This was the year when the frenzy to gain early admission to the nation’s most selective colleges seemed likely to subside, at least in part because a student admitted under a binding early program cannot seek competing financial aid offers as leverage to negotiate a better package.Not sure I'd have been worth early admissions, but I wish I had known that I can get better financial aid if I had establised that other universities had admitted me and offered good financial aid. It could mean the difference between borrowing or scholarships. At that I would have to work to continue justifying that as well.
But for many admissions offices, there appears to have been no letup.
Duke, Northwestern, Brown, Cornell, Columbia, Johns Hopkins and Dartmouth, among other highly selective colleges, received substantially more applications for their early decision programs this year than they did last.
Other colleges, including Wesleyan, Emory, Pomona and Grinnell, drew about as many early applications this fall as they did last fall, a time when the economic downturn was only just beginning. Each of those programs requires students to withdraw all other applications and attend if admitted.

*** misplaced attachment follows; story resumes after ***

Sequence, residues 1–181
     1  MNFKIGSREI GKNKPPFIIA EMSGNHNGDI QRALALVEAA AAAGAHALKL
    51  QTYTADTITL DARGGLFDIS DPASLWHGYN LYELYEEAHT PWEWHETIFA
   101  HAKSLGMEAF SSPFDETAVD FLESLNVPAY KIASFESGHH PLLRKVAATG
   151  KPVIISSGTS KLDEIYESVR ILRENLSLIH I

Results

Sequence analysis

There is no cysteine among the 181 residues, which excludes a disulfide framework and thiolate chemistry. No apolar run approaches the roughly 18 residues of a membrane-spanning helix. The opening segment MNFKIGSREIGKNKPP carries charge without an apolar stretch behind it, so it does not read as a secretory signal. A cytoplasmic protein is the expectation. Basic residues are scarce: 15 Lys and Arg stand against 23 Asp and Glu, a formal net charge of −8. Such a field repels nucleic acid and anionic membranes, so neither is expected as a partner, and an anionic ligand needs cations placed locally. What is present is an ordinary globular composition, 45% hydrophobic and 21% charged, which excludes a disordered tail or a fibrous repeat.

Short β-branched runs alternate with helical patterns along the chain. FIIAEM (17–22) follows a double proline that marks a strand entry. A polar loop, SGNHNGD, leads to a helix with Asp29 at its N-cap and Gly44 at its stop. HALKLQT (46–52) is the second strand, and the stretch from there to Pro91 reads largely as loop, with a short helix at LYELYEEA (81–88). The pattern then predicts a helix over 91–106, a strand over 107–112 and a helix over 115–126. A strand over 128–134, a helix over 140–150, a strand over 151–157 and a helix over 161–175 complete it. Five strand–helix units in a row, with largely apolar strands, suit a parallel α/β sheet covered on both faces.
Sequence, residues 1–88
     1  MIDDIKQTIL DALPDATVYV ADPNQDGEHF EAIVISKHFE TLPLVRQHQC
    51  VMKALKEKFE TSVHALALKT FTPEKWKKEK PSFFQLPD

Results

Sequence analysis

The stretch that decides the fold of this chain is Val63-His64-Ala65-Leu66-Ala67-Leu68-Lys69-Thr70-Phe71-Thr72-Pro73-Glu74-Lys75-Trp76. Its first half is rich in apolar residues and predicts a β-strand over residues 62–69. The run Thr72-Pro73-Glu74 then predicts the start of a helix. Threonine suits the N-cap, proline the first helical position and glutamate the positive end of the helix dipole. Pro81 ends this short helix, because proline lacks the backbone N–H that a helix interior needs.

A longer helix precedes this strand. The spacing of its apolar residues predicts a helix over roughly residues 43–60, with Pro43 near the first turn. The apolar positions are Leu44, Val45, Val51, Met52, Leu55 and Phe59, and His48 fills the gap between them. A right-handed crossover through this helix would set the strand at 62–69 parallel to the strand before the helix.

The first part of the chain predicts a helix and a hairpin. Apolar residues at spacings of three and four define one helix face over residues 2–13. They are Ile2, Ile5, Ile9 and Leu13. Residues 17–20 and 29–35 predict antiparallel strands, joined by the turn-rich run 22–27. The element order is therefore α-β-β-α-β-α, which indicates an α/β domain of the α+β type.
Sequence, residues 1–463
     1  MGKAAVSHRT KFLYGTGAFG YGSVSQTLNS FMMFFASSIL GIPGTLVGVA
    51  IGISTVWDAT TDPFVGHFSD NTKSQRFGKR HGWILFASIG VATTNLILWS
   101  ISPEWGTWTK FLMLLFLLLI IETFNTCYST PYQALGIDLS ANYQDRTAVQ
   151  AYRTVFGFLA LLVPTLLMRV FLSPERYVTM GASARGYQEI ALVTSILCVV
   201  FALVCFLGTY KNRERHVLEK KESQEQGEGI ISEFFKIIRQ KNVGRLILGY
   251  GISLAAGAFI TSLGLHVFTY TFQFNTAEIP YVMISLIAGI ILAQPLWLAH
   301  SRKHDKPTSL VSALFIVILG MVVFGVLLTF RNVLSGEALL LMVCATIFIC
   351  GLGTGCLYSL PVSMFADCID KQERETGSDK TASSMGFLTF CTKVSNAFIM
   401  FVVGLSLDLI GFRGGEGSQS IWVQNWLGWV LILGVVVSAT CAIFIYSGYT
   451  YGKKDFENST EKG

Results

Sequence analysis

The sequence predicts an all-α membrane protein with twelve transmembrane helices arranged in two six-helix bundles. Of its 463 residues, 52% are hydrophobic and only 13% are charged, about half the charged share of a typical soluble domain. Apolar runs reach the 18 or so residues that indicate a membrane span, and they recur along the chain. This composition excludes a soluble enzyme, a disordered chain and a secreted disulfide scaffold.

“The fear of not getting in is a trump card,” said Jon Reider, director of college counseling at San Francisco University High School, a private school, and a former admissions officer at Stanford. “That fear is more powerful than any piece of factual information, such as, ‘Gee, colleges are having a hard time with financial aid, maybe we should cast our net fairly widely and not jump the gun and throw our eggs all in one basket.”’
4 hours ago